Highlighting Developmental Disabilities Awareness Month

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March is Developmental Disabilities Awareness Month. According to the CDC, up to 1 in 4 adults in the United States have some type of disability. The CDC also found that about 1 in 6 children, aged 3 through 17 years have one or more developmental disabilities. We take the time to acknowledge and support people with disabilities and the important work being done to uplift those in the community living with a disability.

One organization in Cobb County doing that necessary work is Tommy Nobis Center, one of our wonderful community partners and the special guest organization for this blog post on highlighting Developmental Disabilities Awareness Month. Liz Pfennig, with Tommy Nobis Center, brings important insight with an impactful Q&A.

Tommy Nobis Center has been serving Cobb County and the surrounding communities for over 46 years. Their mission is Empowering People through Employment, serving persons with disabilities through their three pillars of educate, train, and employ. Tommy Nobis Center has had an intentional focus on youth through their Early Youth Employment Services (EYES) Program helping those in high school be more
employable once they graduate. Most recently Tommy Nobis Center has opened The Academy, a year-long program, offering young adults the education and support they need to find individualized, meaningful, and successful employment in the communities where they live.
Liz Pfennig has been the Director of Programs at Tommy Nobis Center for the last 3 years. Holding an undergrad in Social Work and a Master’s in Public Administration, she has focused the last 15 years on community-based services for persons with disabilities, mental illness, and substance use. 

Have you seen any correlation between individuals with developmental disabilities and their mental health? 

Absolutely! Developmental Disabilities and Mental Illness, unfortunately, are not exclusive of one another. Many individuals with disabilities have life stressors as any other person. They can suffer from depression, anxiety, and other mental illnesses just like those who do not have a developmental disability. Life can be hard for a person with a disability. While we are thankful for past legislation for equality through efforts such as ADA, there is still difficulty in navigating a challenging world. The stressors of bullying and social media pressure affect those with disabilities just like any other youth of today. Tommy Nobis Center has strategically focused on services for youth and young adults.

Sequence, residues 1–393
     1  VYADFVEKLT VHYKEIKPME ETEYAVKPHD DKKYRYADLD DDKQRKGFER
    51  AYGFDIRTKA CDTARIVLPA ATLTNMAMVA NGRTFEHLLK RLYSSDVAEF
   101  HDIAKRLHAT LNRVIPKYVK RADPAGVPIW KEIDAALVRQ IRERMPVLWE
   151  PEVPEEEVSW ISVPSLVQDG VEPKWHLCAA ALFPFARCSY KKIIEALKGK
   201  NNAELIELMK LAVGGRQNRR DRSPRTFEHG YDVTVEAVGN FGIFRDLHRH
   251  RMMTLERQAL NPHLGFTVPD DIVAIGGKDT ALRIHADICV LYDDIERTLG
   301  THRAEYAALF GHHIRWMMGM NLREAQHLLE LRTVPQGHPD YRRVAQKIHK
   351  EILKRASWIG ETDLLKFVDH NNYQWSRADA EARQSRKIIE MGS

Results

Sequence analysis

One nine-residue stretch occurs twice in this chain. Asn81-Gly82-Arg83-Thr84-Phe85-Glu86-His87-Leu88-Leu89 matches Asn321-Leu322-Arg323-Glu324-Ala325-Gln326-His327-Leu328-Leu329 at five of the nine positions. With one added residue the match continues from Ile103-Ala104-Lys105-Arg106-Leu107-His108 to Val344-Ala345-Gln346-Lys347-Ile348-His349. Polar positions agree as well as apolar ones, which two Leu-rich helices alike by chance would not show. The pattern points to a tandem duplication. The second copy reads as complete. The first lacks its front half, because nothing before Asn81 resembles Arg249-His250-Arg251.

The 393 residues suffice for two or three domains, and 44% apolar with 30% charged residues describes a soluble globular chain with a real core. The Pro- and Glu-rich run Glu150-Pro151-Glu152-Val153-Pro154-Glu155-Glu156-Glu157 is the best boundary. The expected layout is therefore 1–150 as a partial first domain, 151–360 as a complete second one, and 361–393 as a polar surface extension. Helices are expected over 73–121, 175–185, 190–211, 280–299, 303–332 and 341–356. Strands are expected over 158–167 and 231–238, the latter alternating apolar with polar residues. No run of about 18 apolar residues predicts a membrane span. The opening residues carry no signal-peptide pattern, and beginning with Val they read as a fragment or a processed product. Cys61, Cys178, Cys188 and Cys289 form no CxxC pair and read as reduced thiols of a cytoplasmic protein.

How do people with disabilities need additional support and advocacy? And how can a community member be involved? 
Persons with disabilities are just as capable as others to be contributing members of society. Persons with disabilities are your co-workers, actors, athletes, authors, beauty pageant winners, business owners, and more. Cobb County is very fortunate to have a plethora of services for persons with disabilities and those with mental illness, but navigating those services can be daunting. Tommy Nobis Center would love to see

Cobb County and surrounding communities support persons with disabilities as they reach their employment goals. This can be provided through various ways – volunteering at Tommy Nobis Center or other non-profit organizations serving persons with disabilities, employment opportunities within your own business or corporation, financial support to NPOs, such as Tommy Nobis Center through annual giving, sustained giving, or car donations, as we work to break down stigmas and find employment for those we serve.